Friday, June 13, 2008

Torture and Truth

Torture and Truth: America, Abu Ghraib, and the War on Terror Torture and Truth: America, Abu Ghraib, and the War on Terror by Mark Danner

My review

rating: 3 of 5 stars
Beyond a short introduction, this is basically a document dump of the memos and position papers circulating through the Bush White House as they formulated a strategy that would unshackle what they perceived to be unnecessarily binding restrictions on the gathering of military intelligence. The Geneva Convention along with the body of international law accumulated over the centuries was all rendered "quaint" (in Alberto Gonzales' term) and obsolete in a post 9/11 world in which the US was the world's lone superpower. The shocking thing about this was the casualness with which the administration proceeded to poke around for legal loopholes to overturn established international law. Bush wanted the gloves taken off and this set in motion a coldly bureaucratic search for a solution to this problem. Moral considerations were given little to no weight, it was as if a branch manager at a Staples was given the task of increasing quarterly paper sales by 3.5%. Only instead of paper sales, these were human beings. In the case of Abu Ghraib most of the detainees had no business being there and whose presence only provided more fuel for the insurgency, which then fueled more detainments, in a closed feedback loop.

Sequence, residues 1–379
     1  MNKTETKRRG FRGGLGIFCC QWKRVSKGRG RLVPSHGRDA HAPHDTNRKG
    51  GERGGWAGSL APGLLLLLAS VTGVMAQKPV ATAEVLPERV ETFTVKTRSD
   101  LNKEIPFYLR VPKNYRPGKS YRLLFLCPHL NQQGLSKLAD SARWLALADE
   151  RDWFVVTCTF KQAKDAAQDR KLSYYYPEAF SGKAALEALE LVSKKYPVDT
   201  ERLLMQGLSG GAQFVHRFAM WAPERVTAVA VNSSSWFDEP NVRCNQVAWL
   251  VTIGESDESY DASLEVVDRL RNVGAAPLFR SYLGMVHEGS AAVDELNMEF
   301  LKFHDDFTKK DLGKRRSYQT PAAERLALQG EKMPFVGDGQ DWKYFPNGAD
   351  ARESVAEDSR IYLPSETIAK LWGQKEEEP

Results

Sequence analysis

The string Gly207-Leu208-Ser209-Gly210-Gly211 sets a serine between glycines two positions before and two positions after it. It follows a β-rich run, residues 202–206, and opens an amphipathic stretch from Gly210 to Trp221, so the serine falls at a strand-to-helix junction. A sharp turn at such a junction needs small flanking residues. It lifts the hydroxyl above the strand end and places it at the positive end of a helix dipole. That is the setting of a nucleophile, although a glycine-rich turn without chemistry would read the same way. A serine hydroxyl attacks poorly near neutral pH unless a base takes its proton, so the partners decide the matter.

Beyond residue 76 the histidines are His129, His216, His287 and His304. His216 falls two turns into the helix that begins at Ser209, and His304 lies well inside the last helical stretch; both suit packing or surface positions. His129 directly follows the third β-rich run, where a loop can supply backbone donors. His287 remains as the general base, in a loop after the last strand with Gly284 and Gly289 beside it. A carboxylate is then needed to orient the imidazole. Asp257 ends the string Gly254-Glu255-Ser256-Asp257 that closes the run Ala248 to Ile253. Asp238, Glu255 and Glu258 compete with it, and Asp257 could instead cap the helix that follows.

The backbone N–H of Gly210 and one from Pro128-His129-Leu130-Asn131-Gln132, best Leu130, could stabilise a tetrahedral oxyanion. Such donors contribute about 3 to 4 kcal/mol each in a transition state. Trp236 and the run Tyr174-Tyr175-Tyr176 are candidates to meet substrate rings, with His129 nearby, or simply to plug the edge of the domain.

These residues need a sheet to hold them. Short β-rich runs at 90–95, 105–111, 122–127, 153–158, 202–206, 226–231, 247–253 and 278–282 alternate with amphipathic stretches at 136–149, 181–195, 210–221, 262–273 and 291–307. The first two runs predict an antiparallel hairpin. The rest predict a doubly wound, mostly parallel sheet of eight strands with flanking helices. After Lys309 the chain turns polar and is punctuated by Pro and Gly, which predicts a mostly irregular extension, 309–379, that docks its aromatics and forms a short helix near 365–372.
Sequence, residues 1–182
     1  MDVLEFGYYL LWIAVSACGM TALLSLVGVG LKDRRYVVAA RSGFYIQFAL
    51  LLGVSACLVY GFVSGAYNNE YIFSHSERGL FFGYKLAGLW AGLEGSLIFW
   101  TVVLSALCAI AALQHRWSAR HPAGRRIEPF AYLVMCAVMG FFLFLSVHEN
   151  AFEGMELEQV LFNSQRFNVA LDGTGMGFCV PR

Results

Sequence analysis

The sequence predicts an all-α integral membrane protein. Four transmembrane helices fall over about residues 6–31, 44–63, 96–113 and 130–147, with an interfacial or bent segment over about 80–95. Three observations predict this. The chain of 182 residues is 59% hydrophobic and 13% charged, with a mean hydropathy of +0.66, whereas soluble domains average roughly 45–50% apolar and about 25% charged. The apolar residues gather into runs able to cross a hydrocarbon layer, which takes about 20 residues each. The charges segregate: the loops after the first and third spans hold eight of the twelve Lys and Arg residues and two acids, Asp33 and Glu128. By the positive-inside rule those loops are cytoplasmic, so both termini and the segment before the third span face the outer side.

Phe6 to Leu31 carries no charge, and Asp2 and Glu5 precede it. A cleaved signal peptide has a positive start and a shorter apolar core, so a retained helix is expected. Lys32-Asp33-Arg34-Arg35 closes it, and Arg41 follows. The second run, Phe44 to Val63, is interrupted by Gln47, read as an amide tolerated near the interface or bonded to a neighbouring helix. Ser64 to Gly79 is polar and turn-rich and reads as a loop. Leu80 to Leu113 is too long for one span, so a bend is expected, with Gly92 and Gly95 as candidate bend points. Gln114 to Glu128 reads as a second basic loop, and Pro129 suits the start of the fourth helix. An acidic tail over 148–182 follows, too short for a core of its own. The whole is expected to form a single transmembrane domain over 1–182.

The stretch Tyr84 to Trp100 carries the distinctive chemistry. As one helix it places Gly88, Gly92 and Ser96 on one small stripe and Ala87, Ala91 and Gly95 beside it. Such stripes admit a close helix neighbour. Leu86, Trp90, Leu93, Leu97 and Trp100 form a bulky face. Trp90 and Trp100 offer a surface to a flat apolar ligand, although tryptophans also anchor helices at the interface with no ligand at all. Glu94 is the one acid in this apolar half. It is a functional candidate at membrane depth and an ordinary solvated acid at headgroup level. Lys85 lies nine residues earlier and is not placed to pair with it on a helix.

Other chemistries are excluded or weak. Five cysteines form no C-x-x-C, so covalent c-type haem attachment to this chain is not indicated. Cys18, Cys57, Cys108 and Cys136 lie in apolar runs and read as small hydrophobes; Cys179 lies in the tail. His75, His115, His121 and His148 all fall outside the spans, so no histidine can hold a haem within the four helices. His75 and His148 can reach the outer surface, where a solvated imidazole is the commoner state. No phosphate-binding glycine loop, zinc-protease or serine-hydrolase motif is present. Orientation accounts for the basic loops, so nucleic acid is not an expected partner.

I gave this 3 stars only because of hundreds of pages of government documents with no narrative tying them together, it's unreadable for 99% of the population. It's too bad, because this is essential stuff. The media should have been much more vigilant in breaking the documents down to a level where a national discussion could have taken place. It's essential that the electorate know exactly what measures the government is taking to ensure our safety and whether those measures align with our American values and whether they are actually making us safer.

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